The Kyoto National Museum (京都国立博物館 Kyōto Kokuritsu Hakubutsukan?) is one of the major art museums in Japan. Located in Kyoto’s Higashiyama ward, the museum focuses on pre-modern Japanese and Asian art.
The museum was originally built to house and display art treasures privately owned by temples and shrines, as well as items donated by the Imperial Household Ministry. Currently, most all of the items in the museum are more or less on permanent loan from one of those places.
The museum is divided into three parts: Fine Arts, including sculptures, paintings and works of calligraphy; Handicrafts, including pottery, fabrics, lacquerwares and metalworks; and Archaeology, including objects of archaeological and historical interest. Altogether, the museum houses over 12,000 works, of which around 6,000 are on display at the museum. The museum also boasts photographic archives containing over 200,000 photographic negatives and color transparencies. In the Fine Arts collections alone, there are more than 230 pieces that have been designated as either National Treasures or Important Cultural Properties.
The museum focuses on mainly pre-modern Japanese works (it is said to have the largest collection of Heian period artifacts) and Asian art. The museum is also well known for its collections of rare and ancient Chinese and Japanese sutras. Other famous works include senzui byōbu (landscape screen) from the 11th century, and the gakizōshi (Scroll of Hungry Ghosts) from the 12th century.
The Kyoto National Museum, then the Imperial Museum of Kyoto, was proposed, along with the Imperial Museum of Tokyo (Tokyo National Museum) and the Imperial Museum of Nara (Nara National Museum), in 1889, and construction on the museum finished in October, 1895. The museum was opened in 1897. The museum went through a series of name changes, in 1900 changing its name to the Imperial Household Museum of Kyoto, and once more in 1924 to the Imperial Gift Museum of Kyoto. The current name, the Kyoto National Museum, was decided upon in 1952.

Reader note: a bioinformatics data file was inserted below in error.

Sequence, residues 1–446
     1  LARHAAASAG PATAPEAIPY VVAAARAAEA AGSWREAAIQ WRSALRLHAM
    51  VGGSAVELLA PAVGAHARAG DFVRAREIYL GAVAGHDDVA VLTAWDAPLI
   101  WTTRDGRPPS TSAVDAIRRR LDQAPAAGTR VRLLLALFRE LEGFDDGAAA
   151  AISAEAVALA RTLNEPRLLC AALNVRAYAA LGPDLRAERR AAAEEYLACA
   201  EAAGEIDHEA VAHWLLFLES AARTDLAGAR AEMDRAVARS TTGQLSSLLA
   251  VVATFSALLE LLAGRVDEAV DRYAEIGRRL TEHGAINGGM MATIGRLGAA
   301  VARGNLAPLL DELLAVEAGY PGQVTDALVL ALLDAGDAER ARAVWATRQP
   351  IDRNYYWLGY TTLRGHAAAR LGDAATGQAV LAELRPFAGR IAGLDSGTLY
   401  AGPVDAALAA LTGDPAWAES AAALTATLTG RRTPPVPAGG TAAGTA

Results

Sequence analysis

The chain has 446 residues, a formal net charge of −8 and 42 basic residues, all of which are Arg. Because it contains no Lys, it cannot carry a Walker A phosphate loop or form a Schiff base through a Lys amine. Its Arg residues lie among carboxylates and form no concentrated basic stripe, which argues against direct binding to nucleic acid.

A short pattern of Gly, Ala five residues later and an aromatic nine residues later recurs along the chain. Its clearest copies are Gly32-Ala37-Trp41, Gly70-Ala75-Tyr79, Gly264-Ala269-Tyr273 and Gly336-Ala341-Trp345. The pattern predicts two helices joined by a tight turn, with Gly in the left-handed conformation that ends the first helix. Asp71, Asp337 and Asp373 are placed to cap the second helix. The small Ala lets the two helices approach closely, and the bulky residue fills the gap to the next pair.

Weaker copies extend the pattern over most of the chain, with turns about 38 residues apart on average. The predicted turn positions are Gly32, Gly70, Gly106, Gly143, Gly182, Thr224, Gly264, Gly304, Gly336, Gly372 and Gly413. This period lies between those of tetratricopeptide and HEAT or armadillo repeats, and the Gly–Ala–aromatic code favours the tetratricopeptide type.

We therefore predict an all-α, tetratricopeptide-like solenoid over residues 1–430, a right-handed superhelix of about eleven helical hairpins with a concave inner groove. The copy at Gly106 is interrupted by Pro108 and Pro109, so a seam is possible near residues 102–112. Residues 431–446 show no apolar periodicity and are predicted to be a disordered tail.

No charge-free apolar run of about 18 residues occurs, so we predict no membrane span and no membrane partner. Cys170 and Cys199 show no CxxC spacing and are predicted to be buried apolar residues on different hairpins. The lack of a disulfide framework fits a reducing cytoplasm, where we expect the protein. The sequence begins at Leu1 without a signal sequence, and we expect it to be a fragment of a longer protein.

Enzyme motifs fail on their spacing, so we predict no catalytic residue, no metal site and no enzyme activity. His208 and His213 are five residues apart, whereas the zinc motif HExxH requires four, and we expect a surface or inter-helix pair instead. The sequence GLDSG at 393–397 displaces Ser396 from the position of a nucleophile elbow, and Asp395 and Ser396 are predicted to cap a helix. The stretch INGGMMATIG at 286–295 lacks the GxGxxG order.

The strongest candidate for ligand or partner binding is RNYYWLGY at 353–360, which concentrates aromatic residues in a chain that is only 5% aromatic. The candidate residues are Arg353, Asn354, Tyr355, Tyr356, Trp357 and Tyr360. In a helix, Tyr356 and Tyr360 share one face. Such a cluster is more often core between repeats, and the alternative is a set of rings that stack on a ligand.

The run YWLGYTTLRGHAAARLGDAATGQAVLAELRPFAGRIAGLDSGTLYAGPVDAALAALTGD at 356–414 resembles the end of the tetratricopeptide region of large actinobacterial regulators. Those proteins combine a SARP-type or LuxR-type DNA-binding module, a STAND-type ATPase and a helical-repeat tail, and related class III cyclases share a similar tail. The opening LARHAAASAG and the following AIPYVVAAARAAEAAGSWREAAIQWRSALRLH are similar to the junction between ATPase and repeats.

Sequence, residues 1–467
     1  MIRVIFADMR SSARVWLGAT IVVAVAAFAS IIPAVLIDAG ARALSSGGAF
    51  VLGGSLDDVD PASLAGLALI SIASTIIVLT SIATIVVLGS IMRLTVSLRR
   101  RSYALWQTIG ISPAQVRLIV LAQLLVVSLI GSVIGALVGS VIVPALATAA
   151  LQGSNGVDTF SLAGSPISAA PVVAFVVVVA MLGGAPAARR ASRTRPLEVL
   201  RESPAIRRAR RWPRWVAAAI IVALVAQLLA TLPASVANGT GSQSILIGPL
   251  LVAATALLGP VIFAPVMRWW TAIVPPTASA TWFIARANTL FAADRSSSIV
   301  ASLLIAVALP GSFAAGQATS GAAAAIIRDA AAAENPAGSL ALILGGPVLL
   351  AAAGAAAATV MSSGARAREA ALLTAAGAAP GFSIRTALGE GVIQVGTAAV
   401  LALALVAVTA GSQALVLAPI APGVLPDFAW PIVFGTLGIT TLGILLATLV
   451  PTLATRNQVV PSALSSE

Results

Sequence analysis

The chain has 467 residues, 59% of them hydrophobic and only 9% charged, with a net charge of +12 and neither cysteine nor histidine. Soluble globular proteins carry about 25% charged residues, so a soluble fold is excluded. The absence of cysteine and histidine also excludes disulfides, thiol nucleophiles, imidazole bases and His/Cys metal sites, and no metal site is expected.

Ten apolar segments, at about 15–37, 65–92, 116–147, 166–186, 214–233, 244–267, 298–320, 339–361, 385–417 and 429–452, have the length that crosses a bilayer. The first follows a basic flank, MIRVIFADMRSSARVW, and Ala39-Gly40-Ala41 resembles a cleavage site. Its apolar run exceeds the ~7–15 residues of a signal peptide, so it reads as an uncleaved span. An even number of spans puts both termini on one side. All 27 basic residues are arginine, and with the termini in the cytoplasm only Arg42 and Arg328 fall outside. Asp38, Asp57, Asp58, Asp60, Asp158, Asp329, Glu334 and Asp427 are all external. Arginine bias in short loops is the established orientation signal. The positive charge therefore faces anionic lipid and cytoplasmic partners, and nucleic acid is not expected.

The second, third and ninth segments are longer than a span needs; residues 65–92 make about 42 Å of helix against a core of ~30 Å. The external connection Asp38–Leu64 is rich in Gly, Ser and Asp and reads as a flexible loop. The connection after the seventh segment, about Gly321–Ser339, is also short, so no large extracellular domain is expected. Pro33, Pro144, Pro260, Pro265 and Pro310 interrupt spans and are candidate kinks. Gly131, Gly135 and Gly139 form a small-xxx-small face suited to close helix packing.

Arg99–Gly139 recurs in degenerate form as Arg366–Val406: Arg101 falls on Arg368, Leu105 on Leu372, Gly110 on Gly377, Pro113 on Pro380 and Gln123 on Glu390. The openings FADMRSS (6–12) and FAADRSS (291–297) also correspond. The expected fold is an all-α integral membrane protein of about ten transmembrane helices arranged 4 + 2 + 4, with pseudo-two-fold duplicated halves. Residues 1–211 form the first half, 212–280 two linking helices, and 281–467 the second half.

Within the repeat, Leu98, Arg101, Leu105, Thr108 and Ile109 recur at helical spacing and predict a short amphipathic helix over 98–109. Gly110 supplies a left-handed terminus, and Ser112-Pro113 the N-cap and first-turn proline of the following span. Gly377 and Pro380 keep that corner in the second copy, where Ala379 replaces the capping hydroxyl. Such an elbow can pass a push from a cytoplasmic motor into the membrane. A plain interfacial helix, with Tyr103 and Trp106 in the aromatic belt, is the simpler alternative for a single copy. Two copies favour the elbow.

In the beginning of the Meiji period (1868–1912), the movement to Westernize and modernize Japanese society put the country’s traditional culture, antiquities, sacred temples and shrine treasures at risk of damage or destruction. In order to protect Japan’s endangered cultural properties, the government committed in 1889 to build three national museums, in Tokyo, Kyoto, and Nara. The Kyoto National Museum opened in 1897 under the name Imperial Museum of Kyoto.
In 2014, the museum opened a new wing, the Heisei Chishinkan, to house exhibitions of its extensive collections, comprising over 12,500 significant works of art—including ceramics, archaeological artifacts, painting, sculpture, calligraphy, textiles, metalwork, lacquer, and other genres. The collections comprise not only works owned by the museum but also treasures from temples, shrines, and private collections, which are entrusted to the Kyoto National Museum on long-term loan.
The regular exhibitions are shown in The Collections Galleries, while the Special Exhibition Hall is used for special exhibits. The Main Exhibition Hall, the Main Gate, and the Ticket Area have all been designated as Important Cultural Properties in Japan.